There is no denying that I would enter a vapid land of infertile thought and mundane repetitiveness, were I to elaborate on a well-known fact that out of a countless plethora of books, some are considered rare because of their bewildering exactitude and profundity, while
Let’s imagine a book which ceases to be a book. Of course it possesses all the physical characteristics a so-called “typical novel”
With the successful release of the film Hidden Figures and being that it’s the 50th anniversary of the Apollo 1 launch disaster, I figured that I’d start 2017 with a switch to non-fiction.
So I keep asking myself, what can I actually write about the novel that would reveal as little as possible about its matter?
Pride in one’s art is usually encouraged, but what if one’s art supported a cause or a thought process that’s no longer in favor or that has even become denigrated?
The following text is a result of taking a deliberate plunge into absorbing waters of the Gun, with Occasional Music River. As one may suspect, the word “deliberate” suggests that the book I have recently decided to tame – this time not only with eyes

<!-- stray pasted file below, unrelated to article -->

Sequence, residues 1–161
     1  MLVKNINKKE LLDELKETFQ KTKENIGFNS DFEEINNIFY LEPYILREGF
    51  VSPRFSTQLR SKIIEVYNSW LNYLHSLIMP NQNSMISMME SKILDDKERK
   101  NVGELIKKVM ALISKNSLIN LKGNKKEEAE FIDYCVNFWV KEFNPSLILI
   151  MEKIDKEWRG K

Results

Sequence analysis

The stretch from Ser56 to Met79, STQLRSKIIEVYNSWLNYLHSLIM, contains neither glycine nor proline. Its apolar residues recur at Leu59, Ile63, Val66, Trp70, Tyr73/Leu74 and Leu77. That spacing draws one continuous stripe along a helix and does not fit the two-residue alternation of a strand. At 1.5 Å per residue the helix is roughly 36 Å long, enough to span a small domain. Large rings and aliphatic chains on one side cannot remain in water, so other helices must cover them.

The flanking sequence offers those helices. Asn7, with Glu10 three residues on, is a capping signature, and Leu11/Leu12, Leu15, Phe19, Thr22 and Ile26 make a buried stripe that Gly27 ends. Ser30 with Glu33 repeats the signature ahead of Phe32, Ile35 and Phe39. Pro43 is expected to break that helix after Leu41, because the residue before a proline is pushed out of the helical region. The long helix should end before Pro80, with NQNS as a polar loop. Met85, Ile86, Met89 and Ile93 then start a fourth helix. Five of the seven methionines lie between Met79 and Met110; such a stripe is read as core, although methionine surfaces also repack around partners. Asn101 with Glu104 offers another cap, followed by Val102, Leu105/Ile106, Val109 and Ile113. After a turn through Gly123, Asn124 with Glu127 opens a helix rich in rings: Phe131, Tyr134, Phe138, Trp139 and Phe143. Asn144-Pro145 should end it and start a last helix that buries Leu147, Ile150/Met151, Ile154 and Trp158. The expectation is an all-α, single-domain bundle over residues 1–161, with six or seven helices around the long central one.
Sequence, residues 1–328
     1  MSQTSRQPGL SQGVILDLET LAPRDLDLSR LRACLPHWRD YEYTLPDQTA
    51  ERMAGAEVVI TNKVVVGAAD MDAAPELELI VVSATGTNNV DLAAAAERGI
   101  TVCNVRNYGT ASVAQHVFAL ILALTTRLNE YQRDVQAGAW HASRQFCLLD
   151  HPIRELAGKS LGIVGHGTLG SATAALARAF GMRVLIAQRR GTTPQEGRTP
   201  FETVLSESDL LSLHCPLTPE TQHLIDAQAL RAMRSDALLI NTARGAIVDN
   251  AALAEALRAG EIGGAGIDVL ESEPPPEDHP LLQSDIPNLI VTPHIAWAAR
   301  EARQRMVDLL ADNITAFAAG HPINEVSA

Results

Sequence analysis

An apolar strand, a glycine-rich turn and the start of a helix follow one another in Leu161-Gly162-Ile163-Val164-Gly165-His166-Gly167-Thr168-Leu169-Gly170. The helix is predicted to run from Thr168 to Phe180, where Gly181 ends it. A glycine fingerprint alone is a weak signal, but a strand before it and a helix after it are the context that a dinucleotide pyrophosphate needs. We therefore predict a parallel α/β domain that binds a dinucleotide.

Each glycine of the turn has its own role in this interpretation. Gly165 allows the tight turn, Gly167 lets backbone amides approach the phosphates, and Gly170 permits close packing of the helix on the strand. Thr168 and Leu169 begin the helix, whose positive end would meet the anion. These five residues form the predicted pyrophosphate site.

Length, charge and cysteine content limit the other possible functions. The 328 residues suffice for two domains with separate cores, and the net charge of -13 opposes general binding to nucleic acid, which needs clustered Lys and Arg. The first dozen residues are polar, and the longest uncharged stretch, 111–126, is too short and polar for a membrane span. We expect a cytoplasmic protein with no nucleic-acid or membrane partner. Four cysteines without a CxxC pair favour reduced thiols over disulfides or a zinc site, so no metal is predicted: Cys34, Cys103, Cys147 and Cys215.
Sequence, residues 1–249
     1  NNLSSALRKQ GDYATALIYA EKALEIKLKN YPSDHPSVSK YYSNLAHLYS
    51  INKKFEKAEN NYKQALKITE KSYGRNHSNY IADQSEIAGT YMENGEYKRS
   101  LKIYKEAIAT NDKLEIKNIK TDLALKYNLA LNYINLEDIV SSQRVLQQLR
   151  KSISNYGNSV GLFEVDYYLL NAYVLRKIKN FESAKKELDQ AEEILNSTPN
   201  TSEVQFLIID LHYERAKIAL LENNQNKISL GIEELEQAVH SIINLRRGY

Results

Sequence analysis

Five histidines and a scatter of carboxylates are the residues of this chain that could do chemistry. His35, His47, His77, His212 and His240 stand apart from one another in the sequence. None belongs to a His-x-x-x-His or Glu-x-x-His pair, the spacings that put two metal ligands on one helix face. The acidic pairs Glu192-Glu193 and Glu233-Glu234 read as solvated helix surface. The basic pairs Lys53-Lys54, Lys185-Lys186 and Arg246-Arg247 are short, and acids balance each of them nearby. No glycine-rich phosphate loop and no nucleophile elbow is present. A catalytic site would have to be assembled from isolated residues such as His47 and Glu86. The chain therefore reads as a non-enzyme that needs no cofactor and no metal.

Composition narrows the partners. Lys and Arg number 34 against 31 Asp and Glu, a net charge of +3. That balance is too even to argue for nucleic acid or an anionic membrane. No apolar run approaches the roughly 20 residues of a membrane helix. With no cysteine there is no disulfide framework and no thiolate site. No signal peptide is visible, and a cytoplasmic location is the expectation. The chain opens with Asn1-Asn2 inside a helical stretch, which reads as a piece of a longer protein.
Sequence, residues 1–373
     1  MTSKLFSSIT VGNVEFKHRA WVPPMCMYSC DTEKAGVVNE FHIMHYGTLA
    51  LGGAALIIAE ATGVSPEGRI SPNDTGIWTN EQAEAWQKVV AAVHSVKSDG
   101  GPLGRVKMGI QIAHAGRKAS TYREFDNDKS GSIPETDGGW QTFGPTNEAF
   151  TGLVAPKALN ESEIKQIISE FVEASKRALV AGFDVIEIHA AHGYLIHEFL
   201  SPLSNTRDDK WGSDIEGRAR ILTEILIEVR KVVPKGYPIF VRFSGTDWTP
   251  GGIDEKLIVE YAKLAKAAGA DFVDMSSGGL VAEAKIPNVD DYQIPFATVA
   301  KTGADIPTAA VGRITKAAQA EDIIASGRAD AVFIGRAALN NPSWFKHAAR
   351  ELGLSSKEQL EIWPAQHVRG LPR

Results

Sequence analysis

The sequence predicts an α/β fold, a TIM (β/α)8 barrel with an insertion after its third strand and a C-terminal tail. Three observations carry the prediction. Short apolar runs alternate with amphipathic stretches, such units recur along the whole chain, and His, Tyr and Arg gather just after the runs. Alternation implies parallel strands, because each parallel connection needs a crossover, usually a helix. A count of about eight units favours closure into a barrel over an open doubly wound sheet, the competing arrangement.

American Psycho, the book which is evidently open to many interpretations, shows not only how far people from the late 80’s Big Apple went astray handling the social reality
Two months back when I reviewed Murakami’s A Wild Sheep Chase, I mentioned that the 1970 seppuku of the internationally-acclaimed Yukio Mishima overshadowed the Japanese literary world for some years afterward.
As a kind of self-contained as well as finite wholeness, Djinn, authored by the godfather of the Nouveau Roman himself
The wild west has caught the imagination of many, American and non-American alike, for years.
On November 25th 1970 the most prominent Japanese novelist, Yukio Mishima, committed ritual seppuku after staging a theatrical protest/coup in favor of restoring the imperial system to power. That event sent shockwaves throughout Japan and the Western literary world
This past February, one of the most brilliant contemporaries in the literary world passed away. His name was Umberto Eco, who was an Italian professor in semiotics. In 1980, he won surprising acclaim in the Italian publishing world for The Name of the Rose<span